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Chewing Gum: Does it Affect Test Results?

Is it true or just another myth?

by Dennis Ernst • May 06, 2020

Technical


Your next patient arrives for a fasting metabolic profile. She says she has been fasting since she went to bed the night before, but you notice she's chewing gum. Is she fasting or isn't she?

Most laboratories consider "fasting" to be the complete dietary restriction of everything except water and medications for 10-12 hours. But when patients chew gum, elements of the gum are dissolved by saliva and ingested. A new study just published shed long-overdue light on the often-debated topic.

It is well known that the action of chewing gum causes the stomach to increase its acid concentration in anticipation of incoming food. In fact, the stomach produces as much acid in chewing-induced anticipation as it does to process a cheeseburger.(1) Such acid production has been linked to a simultaneous extraction from the blood of the commonly tested analytes chloride, sodium and CO2. To determine whether the changes in circulating blood during gum-chewing merit its inclusion in fasting instructions, researchers in Lithuania set out to quantify its affects.

Twenty-two healthy volunteers fasted overnight for 12 hours, then had their blood drawn between 8:00 and 8:30 a.m. for a multitude of commonly ordered laboratory tests. After the samples were drawn, subjects were instructed to chew sugar-free gum for 20 minutes. At 1, 2, and 4 hours after chewing the gum, subsequent blood samples were collected and analyzed for differences in the concentrations of 53 analytes.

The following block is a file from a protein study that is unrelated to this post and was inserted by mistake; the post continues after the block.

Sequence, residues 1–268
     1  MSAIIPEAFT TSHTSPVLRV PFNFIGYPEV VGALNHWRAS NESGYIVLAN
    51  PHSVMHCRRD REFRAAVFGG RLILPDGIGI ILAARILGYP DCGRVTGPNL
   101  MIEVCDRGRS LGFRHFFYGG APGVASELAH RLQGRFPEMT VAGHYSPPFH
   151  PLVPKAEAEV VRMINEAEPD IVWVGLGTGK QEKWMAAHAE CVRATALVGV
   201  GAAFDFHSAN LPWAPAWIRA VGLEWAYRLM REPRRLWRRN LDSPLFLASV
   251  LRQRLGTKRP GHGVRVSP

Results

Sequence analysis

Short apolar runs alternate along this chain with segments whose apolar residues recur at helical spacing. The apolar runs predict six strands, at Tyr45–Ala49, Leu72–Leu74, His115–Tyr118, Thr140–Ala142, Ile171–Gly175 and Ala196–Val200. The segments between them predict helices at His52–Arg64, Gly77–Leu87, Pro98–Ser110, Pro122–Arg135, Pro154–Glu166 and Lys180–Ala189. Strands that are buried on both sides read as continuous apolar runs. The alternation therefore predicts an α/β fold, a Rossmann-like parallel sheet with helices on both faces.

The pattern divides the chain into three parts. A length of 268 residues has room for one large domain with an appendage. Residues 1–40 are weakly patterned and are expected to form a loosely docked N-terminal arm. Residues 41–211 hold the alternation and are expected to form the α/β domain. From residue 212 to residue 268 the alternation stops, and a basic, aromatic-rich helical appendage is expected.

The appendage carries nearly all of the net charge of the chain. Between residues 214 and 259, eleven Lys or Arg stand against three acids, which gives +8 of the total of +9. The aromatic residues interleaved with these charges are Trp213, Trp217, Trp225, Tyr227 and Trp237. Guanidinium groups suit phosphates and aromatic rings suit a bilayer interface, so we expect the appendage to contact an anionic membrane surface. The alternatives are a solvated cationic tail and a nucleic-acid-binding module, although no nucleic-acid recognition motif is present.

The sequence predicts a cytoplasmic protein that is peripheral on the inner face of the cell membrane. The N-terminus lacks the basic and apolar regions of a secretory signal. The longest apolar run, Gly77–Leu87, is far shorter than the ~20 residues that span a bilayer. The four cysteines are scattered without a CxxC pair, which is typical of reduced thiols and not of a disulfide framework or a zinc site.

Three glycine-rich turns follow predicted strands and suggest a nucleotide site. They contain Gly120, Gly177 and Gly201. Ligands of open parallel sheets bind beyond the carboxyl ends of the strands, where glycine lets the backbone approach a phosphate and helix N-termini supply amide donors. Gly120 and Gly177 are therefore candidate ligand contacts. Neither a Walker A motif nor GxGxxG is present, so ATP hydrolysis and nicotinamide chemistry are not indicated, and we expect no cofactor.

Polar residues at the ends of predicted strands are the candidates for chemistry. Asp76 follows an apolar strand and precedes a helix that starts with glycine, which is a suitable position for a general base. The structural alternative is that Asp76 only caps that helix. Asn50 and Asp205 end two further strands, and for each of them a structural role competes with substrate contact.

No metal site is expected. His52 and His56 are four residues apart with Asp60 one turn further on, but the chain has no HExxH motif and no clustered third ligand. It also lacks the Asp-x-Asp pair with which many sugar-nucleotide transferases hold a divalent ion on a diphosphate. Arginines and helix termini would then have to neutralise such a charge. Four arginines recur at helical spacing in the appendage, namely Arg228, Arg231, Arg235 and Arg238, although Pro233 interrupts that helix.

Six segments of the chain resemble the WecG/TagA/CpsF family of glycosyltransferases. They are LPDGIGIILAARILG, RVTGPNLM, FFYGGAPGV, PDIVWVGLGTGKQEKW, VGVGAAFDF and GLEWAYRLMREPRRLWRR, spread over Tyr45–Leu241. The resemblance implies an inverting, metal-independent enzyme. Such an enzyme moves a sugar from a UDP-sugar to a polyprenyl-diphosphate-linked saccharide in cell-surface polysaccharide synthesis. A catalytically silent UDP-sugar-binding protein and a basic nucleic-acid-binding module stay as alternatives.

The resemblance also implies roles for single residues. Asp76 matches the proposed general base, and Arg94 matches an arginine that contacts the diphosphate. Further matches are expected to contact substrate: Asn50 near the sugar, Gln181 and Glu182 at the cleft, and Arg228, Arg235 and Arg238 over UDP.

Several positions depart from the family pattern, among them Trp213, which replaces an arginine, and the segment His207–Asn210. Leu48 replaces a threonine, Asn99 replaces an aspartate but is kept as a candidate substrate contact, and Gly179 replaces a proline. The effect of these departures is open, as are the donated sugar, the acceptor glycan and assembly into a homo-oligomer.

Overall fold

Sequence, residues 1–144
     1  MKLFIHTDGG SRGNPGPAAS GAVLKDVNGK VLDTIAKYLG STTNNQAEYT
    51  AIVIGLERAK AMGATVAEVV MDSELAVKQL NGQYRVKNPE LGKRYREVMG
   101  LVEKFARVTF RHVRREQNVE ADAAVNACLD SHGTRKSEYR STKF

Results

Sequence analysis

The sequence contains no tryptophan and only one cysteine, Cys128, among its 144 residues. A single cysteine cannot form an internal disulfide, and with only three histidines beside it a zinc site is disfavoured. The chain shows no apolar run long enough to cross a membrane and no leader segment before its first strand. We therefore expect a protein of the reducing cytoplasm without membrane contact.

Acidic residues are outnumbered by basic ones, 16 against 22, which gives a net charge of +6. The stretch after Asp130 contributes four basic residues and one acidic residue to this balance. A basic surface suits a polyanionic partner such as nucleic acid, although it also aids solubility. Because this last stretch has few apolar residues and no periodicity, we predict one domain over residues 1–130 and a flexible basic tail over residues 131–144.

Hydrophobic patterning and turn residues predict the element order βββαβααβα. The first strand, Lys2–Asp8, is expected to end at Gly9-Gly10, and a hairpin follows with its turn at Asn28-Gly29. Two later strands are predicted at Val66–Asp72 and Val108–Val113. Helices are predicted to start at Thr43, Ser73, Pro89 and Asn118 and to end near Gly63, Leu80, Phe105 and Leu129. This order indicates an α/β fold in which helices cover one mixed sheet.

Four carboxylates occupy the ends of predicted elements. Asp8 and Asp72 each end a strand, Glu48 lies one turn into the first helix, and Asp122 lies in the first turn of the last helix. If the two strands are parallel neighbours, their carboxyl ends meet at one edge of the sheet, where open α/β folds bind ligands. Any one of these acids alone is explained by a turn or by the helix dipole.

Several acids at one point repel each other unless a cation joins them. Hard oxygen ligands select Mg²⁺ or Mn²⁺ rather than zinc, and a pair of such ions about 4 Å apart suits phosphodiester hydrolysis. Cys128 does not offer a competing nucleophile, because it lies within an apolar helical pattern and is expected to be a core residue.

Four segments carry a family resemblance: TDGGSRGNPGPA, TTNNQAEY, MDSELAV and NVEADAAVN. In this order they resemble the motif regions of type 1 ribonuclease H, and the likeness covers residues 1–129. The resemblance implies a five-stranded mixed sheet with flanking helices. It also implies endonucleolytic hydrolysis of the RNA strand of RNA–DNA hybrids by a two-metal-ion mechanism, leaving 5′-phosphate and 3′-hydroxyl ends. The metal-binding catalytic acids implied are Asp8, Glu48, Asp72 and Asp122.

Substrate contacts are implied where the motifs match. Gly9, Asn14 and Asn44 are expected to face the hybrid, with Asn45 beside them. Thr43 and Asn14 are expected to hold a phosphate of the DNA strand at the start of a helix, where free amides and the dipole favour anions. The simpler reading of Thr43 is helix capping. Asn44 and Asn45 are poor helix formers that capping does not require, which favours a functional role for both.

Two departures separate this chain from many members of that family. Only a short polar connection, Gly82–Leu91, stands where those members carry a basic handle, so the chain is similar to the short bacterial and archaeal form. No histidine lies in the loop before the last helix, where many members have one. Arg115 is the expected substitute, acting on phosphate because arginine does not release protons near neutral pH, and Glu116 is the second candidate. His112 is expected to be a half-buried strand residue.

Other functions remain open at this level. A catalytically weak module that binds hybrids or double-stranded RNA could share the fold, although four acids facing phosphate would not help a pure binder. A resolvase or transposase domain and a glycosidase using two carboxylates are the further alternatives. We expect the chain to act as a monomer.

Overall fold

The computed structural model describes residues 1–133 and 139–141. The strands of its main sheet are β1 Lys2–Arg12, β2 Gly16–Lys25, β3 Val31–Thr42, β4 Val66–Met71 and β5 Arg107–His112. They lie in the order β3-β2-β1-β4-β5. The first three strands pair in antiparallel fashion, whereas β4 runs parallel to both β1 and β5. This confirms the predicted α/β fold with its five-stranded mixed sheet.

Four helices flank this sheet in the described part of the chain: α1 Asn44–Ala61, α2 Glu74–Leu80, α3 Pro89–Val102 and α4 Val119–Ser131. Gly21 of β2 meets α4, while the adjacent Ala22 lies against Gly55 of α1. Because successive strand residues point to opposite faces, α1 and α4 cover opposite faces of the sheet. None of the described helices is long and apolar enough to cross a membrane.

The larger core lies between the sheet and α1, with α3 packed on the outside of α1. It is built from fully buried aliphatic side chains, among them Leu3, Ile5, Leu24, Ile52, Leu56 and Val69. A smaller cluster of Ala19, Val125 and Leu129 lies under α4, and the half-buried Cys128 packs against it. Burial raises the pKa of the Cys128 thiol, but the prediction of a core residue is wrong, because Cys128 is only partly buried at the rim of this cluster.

Statistically significant differences were noted for the following: cortisol, insulin, C-peptide, triglycerides, uric acid, urea, amylase, alanine aminotransferase, lipase, creatine kinase, total bilirubin, direct bilirubin, phosphate, iron, potassium, thyroid stimulating hormone, red blood cell count, hematocrit, hemoglobin, mean cell volume, red cell distribution width, white blood cell count, lymphocytes, neutrophils, and eosinophils. Coagulation tests were not impacted by chewing sugar-free gum.

Chemistry results not affected by chewing gum include glucose, total protein, cholesterol, HDL cholesterol, albumin, CRP, creatinine, ALP, AST, GGT, LD, calcium, sodium, chloride and free T4. Monocytes, basophils and platelet counts were the hematological parameters not affected.

The authors concluded patients should be instructed to avoid chewing gum before blood collection for laboratory tests.

Reference

Helman C, Chewing Gum Is as Effective as Food in Stimulating Cephalic Phase Gastric Secretion. Am J Gastroenterol. 1988;83(6):640-2.

Read the full study.


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